How “Silver Alert” Bias Could Affect 18-Wheeler Accident Cases

Michael GrossmanMarch 31, 2017 3 minutes

Medicine and technology continue to improve, drastically improving the average citizen's lifespan. That can be something of a mixed blessing, however. On one hand, seeing the world change and one's family grow are likely a positive experience for many. On the other, extending a person's years increases their risk of a variety of disorders, including mental degeneration that limits memory and cognition. Many forms of dementia, including Alzheimer's Disease, can cause mood swings, language disorders, behavioral changes, and disorientation during their progression. The signs of these afflictions aren't always obvious, and every year seniors in motor vehicles become confused and are unable to find their way home.

This phenomenon is so pervasive that thirty-six states have instituted the Silver Alert system--a broadcast method to help locate wayward seniors. Started in Colorado in 2006 and modeled on Amber Alerts, its goal is to actively disseminate information about lost seniors in order to help civilians and authorities recognize them. We've all seen highway safety signs broadcast these alerts, and television stations often display images like this during the day:


For all their benefits, though, Silver Alerts can complicate matters somewhat when their subject is in an auto accident. One such example recently happened in New Jersey.

Saddle Brook, NJ: March 22, 2017

According to New Jersey state police, 63-year-old Laura Russo was reported missing on Friday, March 17--St. Patrick's Day. A Silver Alert was issued over the weekend after Russo's disappearance.

Russo, a resident of Plainfield, CT, was not seen again until her vehicle was found in the left lane of Interstate 80 West, where it had been rear-ended by a tractor-trailer at approximately 2:30 a.m. Wednesday morning. She was pronounced dead at the scene of the crash.

Police reports were not more specific about the collision's location; this is a map of the city of Saddle Brook, including Interstate 80. Silver Alerts were canceled after Laura Russo was found at the scene. While they are often activated when the missing person is confirmed to suffer from dementia, no indication was made that Russo was afflicted by the condition. Her whereabouts in the days between her disappearance and her discovery remain unknown.

How Insurance Companies Can Use Silver Alerts Against Victims

While they are clearly rooted in good intentions, Silver Alerts by their nature create impressions of an elderly driver who may not have full control of his or her faculties. While that is often accurate in these cases, it also lends credibility to a defensive argument that the subject of the alert could have done something unpredictable behind the wheel. If, like Laura Russo, that senior is involved in an accident with an 18-wheeler, defense attorneys might suggest that the victim was driving erratically, in a way that could not have been predicted by the trucker--a variant of "she jumped right out in front of me," but with the added weight of a Silver Alert's implication. Certainly this seems like callous straw-grasping, but the Silver Alert--a public declaration that, however benevolently, suggests the victim didn't have the agency to make sound decisions--gives defendants more straws at which to grasp.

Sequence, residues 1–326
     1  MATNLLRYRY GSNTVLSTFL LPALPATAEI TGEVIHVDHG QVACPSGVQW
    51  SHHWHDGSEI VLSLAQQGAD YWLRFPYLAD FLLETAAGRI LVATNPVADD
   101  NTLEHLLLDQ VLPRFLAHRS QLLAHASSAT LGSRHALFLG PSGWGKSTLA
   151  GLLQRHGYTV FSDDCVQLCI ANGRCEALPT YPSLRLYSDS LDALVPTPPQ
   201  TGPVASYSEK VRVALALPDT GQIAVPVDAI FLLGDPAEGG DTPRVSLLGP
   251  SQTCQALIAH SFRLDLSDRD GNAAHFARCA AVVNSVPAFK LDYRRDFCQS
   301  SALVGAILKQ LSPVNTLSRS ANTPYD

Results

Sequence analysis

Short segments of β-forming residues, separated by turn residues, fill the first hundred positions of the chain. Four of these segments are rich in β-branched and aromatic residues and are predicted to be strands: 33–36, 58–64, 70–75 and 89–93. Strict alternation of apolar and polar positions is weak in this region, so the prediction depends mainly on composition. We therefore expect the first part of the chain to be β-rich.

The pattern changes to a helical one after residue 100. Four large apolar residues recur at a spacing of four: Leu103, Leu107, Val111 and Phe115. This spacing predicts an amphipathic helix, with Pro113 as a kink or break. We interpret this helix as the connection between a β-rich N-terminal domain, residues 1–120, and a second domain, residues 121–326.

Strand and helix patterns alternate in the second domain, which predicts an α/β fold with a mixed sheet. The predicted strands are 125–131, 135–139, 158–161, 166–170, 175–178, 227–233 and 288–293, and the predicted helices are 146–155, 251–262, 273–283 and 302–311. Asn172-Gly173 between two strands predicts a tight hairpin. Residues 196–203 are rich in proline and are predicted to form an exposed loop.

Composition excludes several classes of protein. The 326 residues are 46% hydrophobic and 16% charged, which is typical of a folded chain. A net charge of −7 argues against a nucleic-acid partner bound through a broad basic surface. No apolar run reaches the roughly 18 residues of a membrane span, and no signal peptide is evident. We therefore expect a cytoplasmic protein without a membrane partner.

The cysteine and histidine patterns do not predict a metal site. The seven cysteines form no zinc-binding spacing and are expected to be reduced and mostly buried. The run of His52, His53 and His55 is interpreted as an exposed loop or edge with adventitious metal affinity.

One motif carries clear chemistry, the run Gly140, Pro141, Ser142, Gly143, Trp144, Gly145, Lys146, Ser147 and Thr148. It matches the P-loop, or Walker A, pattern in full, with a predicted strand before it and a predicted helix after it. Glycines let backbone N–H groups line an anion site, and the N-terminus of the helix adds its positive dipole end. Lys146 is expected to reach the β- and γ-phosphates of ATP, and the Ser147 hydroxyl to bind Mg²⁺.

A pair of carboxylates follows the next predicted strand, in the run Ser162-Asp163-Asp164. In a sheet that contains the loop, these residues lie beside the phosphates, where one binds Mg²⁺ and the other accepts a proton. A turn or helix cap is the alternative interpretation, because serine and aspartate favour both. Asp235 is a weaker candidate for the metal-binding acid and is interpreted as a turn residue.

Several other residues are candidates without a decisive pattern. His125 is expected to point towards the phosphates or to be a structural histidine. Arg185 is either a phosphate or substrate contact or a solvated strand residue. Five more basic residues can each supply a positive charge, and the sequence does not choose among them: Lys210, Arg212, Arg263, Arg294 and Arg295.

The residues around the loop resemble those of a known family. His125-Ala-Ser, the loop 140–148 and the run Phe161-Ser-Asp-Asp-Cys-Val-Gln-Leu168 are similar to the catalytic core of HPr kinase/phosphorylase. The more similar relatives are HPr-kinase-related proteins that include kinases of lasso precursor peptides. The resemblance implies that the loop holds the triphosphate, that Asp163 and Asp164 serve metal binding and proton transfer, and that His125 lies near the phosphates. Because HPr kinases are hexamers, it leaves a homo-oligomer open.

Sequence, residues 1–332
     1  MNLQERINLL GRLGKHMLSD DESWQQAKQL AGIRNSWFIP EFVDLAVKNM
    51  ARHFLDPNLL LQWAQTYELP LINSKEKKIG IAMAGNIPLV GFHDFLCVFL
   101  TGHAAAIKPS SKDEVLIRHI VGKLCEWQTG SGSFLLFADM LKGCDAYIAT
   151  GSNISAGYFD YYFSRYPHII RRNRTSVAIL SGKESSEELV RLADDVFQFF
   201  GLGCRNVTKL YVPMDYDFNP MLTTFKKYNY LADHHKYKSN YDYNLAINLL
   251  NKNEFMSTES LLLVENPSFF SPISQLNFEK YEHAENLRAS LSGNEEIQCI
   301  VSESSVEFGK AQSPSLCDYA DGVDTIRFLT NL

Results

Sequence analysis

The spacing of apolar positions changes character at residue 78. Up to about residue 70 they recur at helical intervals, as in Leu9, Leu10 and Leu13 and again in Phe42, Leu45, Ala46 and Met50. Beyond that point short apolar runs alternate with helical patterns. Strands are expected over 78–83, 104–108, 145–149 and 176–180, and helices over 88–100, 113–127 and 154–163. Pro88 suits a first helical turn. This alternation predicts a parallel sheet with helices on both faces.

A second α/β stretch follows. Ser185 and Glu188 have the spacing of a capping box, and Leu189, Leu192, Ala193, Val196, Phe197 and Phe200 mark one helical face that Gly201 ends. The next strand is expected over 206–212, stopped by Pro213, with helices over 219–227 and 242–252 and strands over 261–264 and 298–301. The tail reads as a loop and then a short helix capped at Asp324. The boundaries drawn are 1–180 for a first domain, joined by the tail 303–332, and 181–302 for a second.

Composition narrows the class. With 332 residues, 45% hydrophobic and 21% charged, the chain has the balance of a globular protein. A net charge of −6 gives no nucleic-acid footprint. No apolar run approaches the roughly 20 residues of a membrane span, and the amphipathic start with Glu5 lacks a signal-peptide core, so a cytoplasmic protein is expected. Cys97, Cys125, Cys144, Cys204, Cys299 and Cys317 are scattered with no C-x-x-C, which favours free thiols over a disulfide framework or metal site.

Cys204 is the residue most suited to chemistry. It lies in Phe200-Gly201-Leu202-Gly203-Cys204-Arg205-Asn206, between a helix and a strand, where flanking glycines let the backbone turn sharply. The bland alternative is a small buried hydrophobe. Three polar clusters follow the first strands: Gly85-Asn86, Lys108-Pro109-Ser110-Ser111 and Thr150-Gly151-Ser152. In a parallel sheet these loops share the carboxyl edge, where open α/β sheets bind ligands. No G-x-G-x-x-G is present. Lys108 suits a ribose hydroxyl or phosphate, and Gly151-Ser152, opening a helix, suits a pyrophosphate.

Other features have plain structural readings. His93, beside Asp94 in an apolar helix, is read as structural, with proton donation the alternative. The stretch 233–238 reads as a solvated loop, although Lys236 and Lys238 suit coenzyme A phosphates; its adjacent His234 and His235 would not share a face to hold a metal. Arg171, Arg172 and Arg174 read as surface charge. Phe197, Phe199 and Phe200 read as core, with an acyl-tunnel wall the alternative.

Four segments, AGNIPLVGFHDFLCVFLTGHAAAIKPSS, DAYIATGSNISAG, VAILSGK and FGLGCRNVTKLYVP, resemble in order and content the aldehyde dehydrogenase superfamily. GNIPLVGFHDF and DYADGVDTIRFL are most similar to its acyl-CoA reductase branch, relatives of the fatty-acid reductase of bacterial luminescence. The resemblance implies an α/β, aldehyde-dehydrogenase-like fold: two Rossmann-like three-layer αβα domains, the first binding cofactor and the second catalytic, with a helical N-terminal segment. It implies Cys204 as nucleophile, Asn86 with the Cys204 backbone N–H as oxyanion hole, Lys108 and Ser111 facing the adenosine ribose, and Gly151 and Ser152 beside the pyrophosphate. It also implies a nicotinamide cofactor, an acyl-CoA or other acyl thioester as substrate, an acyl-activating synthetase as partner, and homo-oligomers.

This ties in with a general bias against the elderly on the road, particularly in relation to truck accidents. While their attorneys are never so crass as to outright say it, trucking companies are not above suggesting that the damages they should owe to the family of a deceased elderly person should be reduced to reflect the victim's likely number of remaining years. This is particularly unfair to people in their early 60s; while this age may have struck prior generations as significantly advanced, the average life expectancy for a woman in the U.S. is almost 80 years today. Attempting to dismiss a full quarter of a victim's lifespan is not a trivial matter.

Most of the time when someone dies after getting rear-ended by a tractor-trailer, the company that employs its driver can offer few compelling justifications. To defend their driver and by extension themselves, they have to argue that the victim did something reckless, like cut the truck off in fast-moving traffic. Without such unforeseeable issues, the truck's professional driver should have known enough to maintain a safe following distance, which would have allowed plenty of time to stop. However, defense may have an "out" by introducing doubt about a senior's capacity to drive safely, thanks to a Silver Alert.

When you combine society's opinion of elderly drivers with the Silver Alert's implications, senior citizens and their surviving families have the potential to be taken advantage of in the courts. This doesn't mean that seniors, or their family members cannot get justice against a trucking company whose negligence led to the death of a loved. However, commercial trucking defense attorneys have made a dark art out of defending the seemingly indefensible. The first step for victims to obtain justice is to know what they're up against.